Below is a diagram of all the steps I typically go through to get video content onto my blog. Now, I’m not going to list every umteenth level of detail in each step. That would require a whole chapter in itself. Rather, it’ll suffice for our purposes to touch on each step at a higher level.

In a nutshell, it goes like this:

1. Idea. You have to have an idea, concept or theme for the video. This can involve a bit of brainstorming, outlining or perhaps even some formal scripting or storyboarding. In any case, the topic has to form. And, it usually helps to write down at least the key highlights of what it is you plan on saying.

2. Studio Setup. At some point, the “studio” has to be setup. Now, I wrote that in quotes because, when we’re talking about video for purposes of web-based content and video-blogging, it’s important to remember that we’re not talking broadcast video. We’re not producing for the sequel to Avatar. Instead, in our case the “studio” can be as simple as your camera being mounted on a tripod, along with some basic lighting considerations. If you’re shooting video indoors: then some artificial lighting sources will likely be in order. If outdoors: depending on the sun and cloud conditions, it may be the case that the “studio setup” involves nothing more than having your camera, a microphone and a tripod.

3. Record. This is the step where you shoot the video. In a nut, this involves making sure your talking head is on the business end of your camera, pressing the Record button, and then getting your talking head to say the right words. (You have to picture me writing that sentence with a grin on my face.)

The reality is that, for some reason, once the Record button is pushed and the little red indicator light starts blinking, most of us feel the pressure to start speaking immediately, eloquently and with a minimum of errors.

Here’s a tip: Turn on the camera. Then just sit there. Sit there for a full 2 minutes. Yes, 2 minutes! Tell yourself that you’re going to allow those two minutes (or more) of tape to just “burn.” Then during that time, just do whatever comes natural. Banter with your friend. Talk to yourself. Stare at the sky, swat at flies. Scratch your, uh, nose. Whatever. The point is, eliminate the pressure. You don’t have to start right when the camera’s record button gets pressed. The fact is, video tape–at least the kind you and I would typically use for this kind of production–is relatively inexpensive. Let it roll.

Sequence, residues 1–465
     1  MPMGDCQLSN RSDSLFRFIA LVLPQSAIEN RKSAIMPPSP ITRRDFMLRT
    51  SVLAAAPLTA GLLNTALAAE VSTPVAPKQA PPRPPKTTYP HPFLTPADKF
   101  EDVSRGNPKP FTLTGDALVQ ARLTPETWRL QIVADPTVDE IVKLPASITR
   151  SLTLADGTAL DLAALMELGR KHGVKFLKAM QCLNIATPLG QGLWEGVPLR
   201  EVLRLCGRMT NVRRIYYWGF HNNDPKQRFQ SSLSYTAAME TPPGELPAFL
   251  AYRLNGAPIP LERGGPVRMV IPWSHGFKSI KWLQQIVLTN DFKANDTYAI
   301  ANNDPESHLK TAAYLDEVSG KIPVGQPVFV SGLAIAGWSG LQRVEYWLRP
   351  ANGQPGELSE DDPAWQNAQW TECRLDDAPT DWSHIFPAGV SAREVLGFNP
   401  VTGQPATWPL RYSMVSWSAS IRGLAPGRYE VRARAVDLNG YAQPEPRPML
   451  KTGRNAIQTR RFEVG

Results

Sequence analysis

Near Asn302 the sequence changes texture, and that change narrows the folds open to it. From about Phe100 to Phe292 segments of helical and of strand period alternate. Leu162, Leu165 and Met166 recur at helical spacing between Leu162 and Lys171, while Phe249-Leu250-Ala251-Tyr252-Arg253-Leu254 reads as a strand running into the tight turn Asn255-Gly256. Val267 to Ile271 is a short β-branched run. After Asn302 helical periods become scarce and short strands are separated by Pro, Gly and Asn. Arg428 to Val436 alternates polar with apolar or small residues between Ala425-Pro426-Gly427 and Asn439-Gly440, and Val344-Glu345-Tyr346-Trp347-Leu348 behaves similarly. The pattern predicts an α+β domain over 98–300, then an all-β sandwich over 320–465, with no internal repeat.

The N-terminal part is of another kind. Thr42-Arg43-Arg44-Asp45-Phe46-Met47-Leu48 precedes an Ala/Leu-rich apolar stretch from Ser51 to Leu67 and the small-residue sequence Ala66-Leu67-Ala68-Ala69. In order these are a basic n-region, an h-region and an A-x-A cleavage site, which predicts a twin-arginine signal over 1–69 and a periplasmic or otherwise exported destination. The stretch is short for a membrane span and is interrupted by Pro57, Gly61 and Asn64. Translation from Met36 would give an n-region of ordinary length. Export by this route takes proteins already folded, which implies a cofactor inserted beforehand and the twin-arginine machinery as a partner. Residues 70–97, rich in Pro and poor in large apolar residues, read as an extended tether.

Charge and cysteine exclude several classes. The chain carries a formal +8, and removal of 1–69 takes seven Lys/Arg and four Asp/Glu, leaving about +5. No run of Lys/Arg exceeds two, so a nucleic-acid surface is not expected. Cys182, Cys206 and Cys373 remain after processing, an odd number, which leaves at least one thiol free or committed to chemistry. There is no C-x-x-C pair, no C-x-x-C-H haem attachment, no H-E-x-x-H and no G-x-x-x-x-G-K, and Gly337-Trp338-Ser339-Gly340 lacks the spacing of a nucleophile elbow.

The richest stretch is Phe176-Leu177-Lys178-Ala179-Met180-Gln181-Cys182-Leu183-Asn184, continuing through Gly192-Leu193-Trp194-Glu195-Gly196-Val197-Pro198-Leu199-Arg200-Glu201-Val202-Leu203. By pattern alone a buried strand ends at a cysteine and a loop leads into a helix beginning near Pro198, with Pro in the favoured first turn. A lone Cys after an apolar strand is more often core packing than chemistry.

Rather than letting the camera dictate when you start, take the pressure off and give yourself permission to let the tape roll. Tape is cheap. Start when you’re good and ready. You can always edit all the undesirable footage out of the final production and before it gets uploaded to YouTube.

4. Upload to Computer. This is the step that requires somehow getting the spoken word and the captured images from your camera into your computer so you can process the footage further in some way. Unfortunately, there’s no one-size-fits-all approach here. The fact is, every camera has its quirks. The software you choose as your video editor will also have its own requirements. It’s not really a technical thing. It’s just a process, that’s all.

Admittedly, this step can cause some consternation even for experienced video bloggers. So, what I usually like to encourage my friends who are new to video-blogging is to, again, take the pressure off; get a camera that takes on much of this burden for you.

“Flip” type cameras, like the Flip Ultra HD or the Kodak Zi8 are excellent starter cameras. In fact, many long time video-bloggers use these cameras as their device of choice even after they’ve been at it a while. The benefit of these cameras is that not only do they make the video recording process as easy as, literally, “point-and-shoot,” but they also come with their own editing software. After recording, simply plug the camera into your computer’s USB port and *it* loads-up and launches the editing software. You can then pretty much follow your nose through the instructions. Which, brings us to the next step.

5. Edit. This is the fun part. This is where you get to cut out all the “ums” and “uhs” and even those first 2 minutes on the front end when you appeared to be deep in thought in a discussion with yourself. Editing is the creative step in which many video enthusiasts actually find their lost creativity. Enjoy it; find yours.

6. Upload to YouTube. Once you’ve edited and produced your video into a file format that’s compatible for viewing online (your software can help you with this), the next steps involve navigating to and clicking the upload button. Then, simply follow YouTube’s instructions for getting your video online.

7. Write copy for YouTube. Though your video may have captured upwards of 30 pictures for each and every second you were speaking, and you may have even been speaking upwards of a dozen words every 10 or 20 seconds, none of it is worth a lick for SEO juice if search engines can’t find it. So, it’s up to you to attach the proper words to your video in such a way that search engines can index something related to your video. That’s where things like the Title for the video, Description, Tags, and so on come into play. Ultimately, it will be via these types of descriptive textual information is how search engines will find your video and not (yet) via the spoken words.